Scottish Government IT projects ‘late and costly’

30 Aug 12
The Scottish Government has been urged to address ‘significant weaknesses’ in public sector IT programmes after Audit Scotland revealed delays and cost overruns across three schemes.
By Richard Johnstone | 30 August 2012

The Scottish Government has been urged to address ‘significant weaknesses’ in public sector IT programmes after Audit Scotland revealed delays and cost overruns across three schemes.

In a report published today, the watchdog examined plans for new computer systems agreed between 2004 and 2009 for the Crown Office & Procurator Fiscal Service, Disclosure Scotland and Registers of Scotland.

Auditors found the three projects, which were all eventually delayed or cancelled, had so far cost a combined £133m without ever delivering the intended benefits.

Managing ICT contracts: an audit of three public sector programmes said many problems stemmed from a lack of specialised information and communication technology skills and experience in each agency.

There were also weaknesses in basic project management and control, and the periodic Gateway Reviews, used by the Scottish Government to provide assurance on major projects, were not always effective. In the case of Registers of Scotland, there was a six-year gap between reviews, which meant opportunities to address emerging difficulties were missed.

Audit Scotland called on Holyrood ministers to consider the benefits of providing central specialised expertise, support and advice for bodies undertaking such programmes.

The government should also ‘comprehensively review’ how it oversees future projects, including examining the purpose, use and frequency of Gateway Reviews, the auditors said. In particular, it should consider whether public bodies preparing IT programmes should be required to produce better plans, similar to the Integrated Assurance and Approval Plans being developed by the Major Projects Authority in England.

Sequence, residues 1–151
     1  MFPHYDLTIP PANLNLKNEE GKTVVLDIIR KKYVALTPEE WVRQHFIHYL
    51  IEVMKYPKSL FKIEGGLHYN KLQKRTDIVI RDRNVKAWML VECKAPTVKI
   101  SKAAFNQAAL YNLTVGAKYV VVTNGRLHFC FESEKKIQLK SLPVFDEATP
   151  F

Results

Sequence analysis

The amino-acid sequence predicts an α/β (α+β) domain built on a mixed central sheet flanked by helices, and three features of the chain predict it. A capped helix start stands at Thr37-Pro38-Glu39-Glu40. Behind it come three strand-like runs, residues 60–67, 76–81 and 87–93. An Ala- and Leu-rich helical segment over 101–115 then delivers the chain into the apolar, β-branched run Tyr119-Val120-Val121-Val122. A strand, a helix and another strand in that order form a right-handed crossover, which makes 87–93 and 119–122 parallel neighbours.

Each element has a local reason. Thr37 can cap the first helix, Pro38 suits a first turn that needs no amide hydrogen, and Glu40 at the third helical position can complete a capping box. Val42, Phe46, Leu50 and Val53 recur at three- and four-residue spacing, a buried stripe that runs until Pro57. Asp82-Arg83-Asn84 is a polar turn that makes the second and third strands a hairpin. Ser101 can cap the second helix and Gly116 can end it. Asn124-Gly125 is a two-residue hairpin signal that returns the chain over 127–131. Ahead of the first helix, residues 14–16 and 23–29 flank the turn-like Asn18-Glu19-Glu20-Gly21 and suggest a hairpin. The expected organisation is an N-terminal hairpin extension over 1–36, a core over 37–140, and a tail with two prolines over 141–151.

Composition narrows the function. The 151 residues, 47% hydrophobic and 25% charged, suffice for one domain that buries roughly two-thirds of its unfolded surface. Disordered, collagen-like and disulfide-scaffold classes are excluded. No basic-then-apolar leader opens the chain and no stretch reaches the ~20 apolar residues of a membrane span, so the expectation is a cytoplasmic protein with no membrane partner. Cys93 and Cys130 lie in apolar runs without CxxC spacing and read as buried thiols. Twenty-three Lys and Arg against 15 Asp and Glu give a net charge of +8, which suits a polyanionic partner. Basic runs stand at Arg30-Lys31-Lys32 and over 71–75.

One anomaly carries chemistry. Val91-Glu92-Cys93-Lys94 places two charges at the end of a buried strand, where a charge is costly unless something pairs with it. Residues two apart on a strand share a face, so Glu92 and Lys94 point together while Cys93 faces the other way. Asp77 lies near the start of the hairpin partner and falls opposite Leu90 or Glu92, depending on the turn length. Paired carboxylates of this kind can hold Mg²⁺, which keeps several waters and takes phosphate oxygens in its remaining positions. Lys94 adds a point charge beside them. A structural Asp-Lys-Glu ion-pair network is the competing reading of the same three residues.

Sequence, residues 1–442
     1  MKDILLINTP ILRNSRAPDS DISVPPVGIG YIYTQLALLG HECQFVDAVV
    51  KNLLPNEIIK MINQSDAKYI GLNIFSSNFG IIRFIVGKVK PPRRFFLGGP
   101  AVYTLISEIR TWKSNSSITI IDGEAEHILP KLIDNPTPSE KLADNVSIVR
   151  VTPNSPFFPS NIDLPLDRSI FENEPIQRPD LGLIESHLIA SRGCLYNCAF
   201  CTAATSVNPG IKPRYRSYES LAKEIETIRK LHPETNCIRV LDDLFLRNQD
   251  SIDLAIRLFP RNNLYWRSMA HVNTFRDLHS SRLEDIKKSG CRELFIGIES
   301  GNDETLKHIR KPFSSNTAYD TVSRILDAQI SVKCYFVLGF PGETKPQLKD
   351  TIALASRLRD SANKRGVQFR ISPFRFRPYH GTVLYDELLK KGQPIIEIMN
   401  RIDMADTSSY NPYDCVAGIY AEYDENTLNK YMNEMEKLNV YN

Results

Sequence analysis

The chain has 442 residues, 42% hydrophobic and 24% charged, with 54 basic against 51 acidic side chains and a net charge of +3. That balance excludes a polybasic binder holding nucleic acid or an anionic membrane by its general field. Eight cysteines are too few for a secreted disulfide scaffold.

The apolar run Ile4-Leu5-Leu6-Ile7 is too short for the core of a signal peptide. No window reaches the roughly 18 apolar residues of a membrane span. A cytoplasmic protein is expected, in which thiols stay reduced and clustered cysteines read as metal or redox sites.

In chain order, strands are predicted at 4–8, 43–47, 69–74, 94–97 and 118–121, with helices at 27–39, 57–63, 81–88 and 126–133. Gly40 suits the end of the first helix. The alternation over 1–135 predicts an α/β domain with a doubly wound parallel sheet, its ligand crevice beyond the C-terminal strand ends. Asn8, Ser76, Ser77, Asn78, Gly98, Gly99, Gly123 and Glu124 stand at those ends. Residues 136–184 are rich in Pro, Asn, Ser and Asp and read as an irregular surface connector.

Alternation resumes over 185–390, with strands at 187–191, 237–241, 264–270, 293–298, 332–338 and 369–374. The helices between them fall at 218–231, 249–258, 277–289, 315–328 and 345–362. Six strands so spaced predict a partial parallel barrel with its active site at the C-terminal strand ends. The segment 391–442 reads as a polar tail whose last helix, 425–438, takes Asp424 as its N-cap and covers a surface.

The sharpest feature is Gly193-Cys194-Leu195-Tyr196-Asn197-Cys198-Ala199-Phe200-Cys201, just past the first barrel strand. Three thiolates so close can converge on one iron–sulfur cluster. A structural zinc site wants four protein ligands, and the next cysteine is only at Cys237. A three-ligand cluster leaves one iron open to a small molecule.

Auditor general Caroline Gardner said lessons needed to be learnt as Scottish public bodies ‘invest heavily’ in IT, spending about £740m each year.

‘We found significant weaknesses in how they were planned, managed and overseen. Some of this arose from a lack of specialist skills, but there were also flaws in areas of basic project management that apply to capital works of all types,’ she said.

‘The Scottish Government needs to address these weaknesses and strengthen its strategic oversight of ICT investment to ensure the public sector delivers programmes that improve public services and provide value for money.’

The Crown Office & Procurator Fiscal wrote off £2.3m invested in the Phoenix case management system between August 2009 and November 2010 when it was cancelled due to increasing costs.

Disclosure Scotland’s agreement for a new £31m IT system, as part of the Protecting Vulnerable Groups programme, was approved in June 2009 and due to be in place May 2011. Although the system went live in February 2011, it has experienced significant problems and is now expected to be functional in autumn 2012.

Registers of Scotland’s ten-year strategic partnership agreement for several IT projects was agreed in 2004, but planned developments were late or not delivered at all. Total spending so far has risen from £66m to £102m and the agency is terminating the contract 18 months earlier than planned.

Responding to the report, a Scottish Government spokesman said that ministers had ‘already acted on lessons learned from each of these programmes’.

The cost of the Registers of Scotland system increased due to inflation and ‘new ICT development opportunities’, while Disclosure Scotland’s system would be delivered at no extra cost to taxpayers, he added.

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